Advertisement
HomeCollectionsBomber
IN THE NEWS

Bomber

FEATURED ARTICLES
NEWS
April 23, 2013
In Tony Horwitz's book about John Brown's 1859 raid on Harper's Ferry, "Midnight Rising", he writes that Brown was captured on Oct. 16, his trial commenced on Oct. 25, and he was found guilty on Oct. 31. Brown was sentenced on Nov. 2 and hung on Dec. 2, 1859. Justice was delivered in an exact, brief manner. There is absolutely no reason why the trial of the surviving suspect in the Boston bombing, Dzhokhar Tsarnaev, can't be expedited in a similarly timely fashion. The outcome of course depends on the trial and jury.
ARTICLES BY DATE
NEWS
By Tom Zoellner and Sam Kleiner | May 1, 2013
The mayhem in Boston the week of April 15 was a reminder of how an American city can be paralyzed by a homemade bomb. The same kinds of improvised explosive devices that menaced U.S. troops in Iraq and Afghanistan can easily be deployed by freelance terrorists or madmen trying to send a message, incite panic or just create a media spectacle. The Tsarnaev brothers were identified as suspects in the bombing because of surveillance videotape, but the FBI might have been able to do it faster if tiny plastic markers had been part of the small-arms propellant packed into the pressure-cooker bombs.
Advertisement
NEWS
April 25, 2013
What happened in Boston is horrific. But I'm wondering why the media continues to paste the culprits faces all over ("Bombing suspect faces U.S. charges," April 23)? They have been caught and the investigation will continue. Why provide the type of recognition that future bombers want? Domestic terrorism can be reduced if the media stops providing millions of dollars of free advertising to the extremists that want a stage for their cause. How many other disgruntled people will look at the coverage and think, "that could be me on the front page?"
NEWS
By Cal Thomas | April 27, 2013
One of the consequences of abandoning a standard by which right and wrong can be judged is our increasing inability to mete out punishment that fits the crime. In fact, too often we weigh extenuating circumstances rather than guilty actions. In the case of the Boston bombers, observers search for reasons why the attacks occurred. But the failure to view the attackers as anything other than simply guilty and judge them accordingly is similar to the U.S. government's attitude toward the Middle East, which often sees Israel as the major impediment to peace.
NEWS
By JOHN R. BREIHAN | October 12, 1993
The 7,000 B-26 Marauders built by the Glenn L. Martin Company are the most common image of ''Baltimore bombers,'' the name just given to Baltimore's hoped-for NFL football team. Less well known is a bomber actually called the ''Baltimore,'' which Martin built for the British Royal Air Force. Nearly 1,600 Baltimores were turned out by Martin's factory in Middle River between 1941 and 1944.A few years ago when on sabbatical in England, I encountered this plane when I took my two sons to the RAF Museum in suburban London.
NEWS
By Thomas L. Friedman | March 27, 2002
WASHINGTON - There was something symbolic about the fact that the U.S. Immigration and Naturalization Service sent out letters approving visas for the terrorist leaders Mohamed Atta and Marwan al-Shehhi and that those letters arrived at their Florida flight school on the six-month anniversary of the Sept. 11 massacre, which the two of them directed. Some things you just can't make up. It was symbolic precisely because we are forgetting some of the most important truths about Sept. 11 - so why shouldn't the INS?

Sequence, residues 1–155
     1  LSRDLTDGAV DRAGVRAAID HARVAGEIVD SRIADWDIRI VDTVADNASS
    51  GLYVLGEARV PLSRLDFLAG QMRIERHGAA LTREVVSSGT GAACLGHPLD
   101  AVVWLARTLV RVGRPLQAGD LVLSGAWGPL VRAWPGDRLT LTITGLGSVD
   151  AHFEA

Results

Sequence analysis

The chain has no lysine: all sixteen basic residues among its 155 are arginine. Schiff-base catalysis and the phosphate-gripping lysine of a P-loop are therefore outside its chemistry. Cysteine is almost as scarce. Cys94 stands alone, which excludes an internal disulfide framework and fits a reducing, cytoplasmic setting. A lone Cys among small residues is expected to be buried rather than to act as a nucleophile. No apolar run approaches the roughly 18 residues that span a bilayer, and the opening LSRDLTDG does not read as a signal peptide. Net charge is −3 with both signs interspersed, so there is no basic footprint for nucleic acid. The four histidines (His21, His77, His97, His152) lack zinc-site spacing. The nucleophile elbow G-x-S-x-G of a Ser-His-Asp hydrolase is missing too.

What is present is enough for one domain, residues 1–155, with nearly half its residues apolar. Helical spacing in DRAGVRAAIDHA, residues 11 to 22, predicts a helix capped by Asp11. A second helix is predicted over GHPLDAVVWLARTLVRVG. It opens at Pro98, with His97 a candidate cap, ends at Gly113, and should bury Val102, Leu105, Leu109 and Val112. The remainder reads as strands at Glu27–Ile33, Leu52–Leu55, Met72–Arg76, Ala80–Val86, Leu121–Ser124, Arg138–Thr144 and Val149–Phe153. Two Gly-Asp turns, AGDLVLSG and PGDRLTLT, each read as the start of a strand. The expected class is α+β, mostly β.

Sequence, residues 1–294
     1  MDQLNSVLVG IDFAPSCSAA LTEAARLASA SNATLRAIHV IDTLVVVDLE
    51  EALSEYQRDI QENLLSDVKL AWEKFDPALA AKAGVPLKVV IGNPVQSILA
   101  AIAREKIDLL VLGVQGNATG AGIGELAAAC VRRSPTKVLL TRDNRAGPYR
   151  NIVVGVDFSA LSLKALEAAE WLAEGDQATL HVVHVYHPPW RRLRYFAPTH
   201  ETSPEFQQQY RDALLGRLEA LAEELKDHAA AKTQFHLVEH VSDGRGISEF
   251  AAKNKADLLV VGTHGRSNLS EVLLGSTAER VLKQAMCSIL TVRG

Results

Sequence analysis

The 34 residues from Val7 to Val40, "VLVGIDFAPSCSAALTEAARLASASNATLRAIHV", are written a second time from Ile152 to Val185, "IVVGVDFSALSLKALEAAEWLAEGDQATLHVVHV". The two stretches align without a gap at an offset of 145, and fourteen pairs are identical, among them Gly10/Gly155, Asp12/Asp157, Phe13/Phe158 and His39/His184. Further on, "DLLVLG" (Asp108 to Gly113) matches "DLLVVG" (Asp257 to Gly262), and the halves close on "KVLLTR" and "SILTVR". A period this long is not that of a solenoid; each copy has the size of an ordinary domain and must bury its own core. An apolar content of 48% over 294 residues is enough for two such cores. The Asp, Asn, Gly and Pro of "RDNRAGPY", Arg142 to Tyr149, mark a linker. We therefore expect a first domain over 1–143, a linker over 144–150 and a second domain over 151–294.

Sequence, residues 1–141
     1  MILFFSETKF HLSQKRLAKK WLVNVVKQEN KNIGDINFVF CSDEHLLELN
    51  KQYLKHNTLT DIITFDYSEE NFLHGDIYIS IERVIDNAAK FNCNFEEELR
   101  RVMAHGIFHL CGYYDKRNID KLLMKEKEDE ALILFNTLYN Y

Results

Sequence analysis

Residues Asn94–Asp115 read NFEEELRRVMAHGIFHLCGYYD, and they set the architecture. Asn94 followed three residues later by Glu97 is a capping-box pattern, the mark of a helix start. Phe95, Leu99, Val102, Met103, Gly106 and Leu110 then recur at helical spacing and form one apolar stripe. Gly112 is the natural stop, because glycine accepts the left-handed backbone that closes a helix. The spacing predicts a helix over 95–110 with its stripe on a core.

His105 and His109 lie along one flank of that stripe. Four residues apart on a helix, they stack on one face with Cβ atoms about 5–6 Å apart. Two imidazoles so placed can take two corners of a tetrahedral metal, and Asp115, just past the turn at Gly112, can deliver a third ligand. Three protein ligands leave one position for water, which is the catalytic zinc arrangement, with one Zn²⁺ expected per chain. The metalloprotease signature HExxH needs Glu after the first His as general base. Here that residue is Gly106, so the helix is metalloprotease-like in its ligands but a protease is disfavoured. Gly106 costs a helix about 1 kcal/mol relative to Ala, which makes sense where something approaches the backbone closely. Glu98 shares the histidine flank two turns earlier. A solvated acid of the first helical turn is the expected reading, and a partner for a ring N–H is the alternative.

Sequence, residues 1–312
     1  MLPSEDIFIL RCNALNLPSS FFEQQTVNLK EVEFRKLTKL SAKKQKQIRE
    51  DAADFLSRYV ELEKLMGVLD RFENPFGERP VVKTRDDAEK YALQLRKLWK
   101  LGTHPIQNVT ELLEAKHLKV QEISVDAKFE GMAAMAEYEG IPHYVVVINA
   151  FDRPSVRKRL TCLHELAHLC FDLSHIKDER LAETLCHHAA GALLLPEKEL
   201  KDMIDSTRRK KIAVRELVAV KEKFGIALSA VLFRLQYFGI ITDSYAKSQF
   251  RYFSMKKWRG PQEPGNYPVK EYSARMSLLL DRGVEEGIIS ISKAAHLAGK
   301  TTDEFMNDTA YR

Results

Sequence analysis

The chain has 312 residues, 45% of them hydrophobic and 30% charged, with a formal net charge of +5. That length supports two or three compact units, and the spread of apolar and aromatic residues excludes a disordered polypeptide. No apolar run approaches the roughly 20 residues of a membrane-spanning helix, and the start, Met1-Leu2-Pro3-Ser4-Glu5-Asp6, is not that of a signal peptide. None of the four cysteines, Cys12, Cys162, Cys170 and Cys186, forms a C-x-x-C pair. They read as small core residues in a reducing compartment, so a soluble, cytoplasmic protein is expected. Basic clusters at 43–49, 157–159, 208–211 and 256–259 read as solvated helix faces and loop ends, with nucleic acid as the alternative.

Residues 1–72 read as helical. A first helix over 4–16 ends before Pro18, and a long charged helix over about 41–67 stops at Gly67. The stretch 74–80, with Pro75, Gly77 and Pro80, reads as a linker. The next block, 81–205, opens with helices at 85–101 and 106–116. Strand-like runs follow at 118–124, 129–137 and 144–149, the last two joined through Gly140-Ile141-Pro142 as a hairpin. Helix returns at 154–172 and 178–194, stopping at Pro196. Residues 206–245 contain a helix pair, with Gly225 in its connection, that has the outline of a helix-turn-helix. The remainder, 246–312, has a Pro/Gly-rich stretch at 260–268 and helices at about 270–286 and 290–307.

NEWS
By New York Times News Service | May 16, 2008
KANDAHAR, Afghanistan -- A suicide bomber cloaked in a burqa killed at least 12 other people and wounded at least 27 yesterday in southwestern Afghanistan, a sparsely populated region where Taliban militants have increased attacks in recent months. The Taliban claimed responsibility for the assault and denied that the bomber was a woman. A Taliban spokesman, Qari Yousuf Ahmadi, said the intended target was a local police commander. Officials said that a large number of police and civilians were among the victims.
NEWS
By Richard H. P. Sia and Richard H. P. Sia,Air Combat Command, Langley Air Force Base, Va.Washington Bureau | December 18, 1993
WASHINGTON -- Twelve years since its development began during the Cold War, the first of 20 B-2 Stealth bombers entered the Air Force combat fleet yesterday with an uncertain mission and a price tag so expensive that proven bombers will be mothballed to make room for the high-tech planes.The Air Force, which fought hard to add the world's most sophisticated nuclear bomber to its arsenal, heralded the B-2's arrival at Whiteman Air Force Base in Missouri as the beginning of what the generals call a new era of "global reach, global power."
NEWS
By Alex Rodriguez and Alex Rodriguez,Chicago Tribune | August 18, 2007
MOSCOW -- Russian President Vladimir V. Putin said yesterday that he has ordered the resumption of long-range strategic bomber flights, a return to a Cold War-era practice and another sign that the Kremlin is flexing its military might amid a deepening chill in relations with the U.S. Putin's decision comes a week after Russian fighter jets flew within a few hundred miles of a U.S. military base in Guam. Yesterday, several pairs of Russian Tu-160 and Tu-95MC bombers were flying over Atlantic and Pacific waters, Russian Air Force spokesman Alexander Drobyshevsky told the Russian news agency Itar-Tass.
NEWS
By New York Times News Service | August 2, 1991
WASHINGTON -- The Senate endorsed yesterday President Bush's two top military priorities, the stealth bomber and the "star wars" anti-missile defense system, rejecting arguments that the easing of Cold War tensions and closer U.S.-Soviet ties made the weapons unnecessary.In a series of votes, the Senate approved $4.6 billion for the next fiscal year to test sensors in space and begin fielding an anti-missile defense system by 1996 that would protect the United States against limited nuclear attacks.
NEWS
April 25, 2013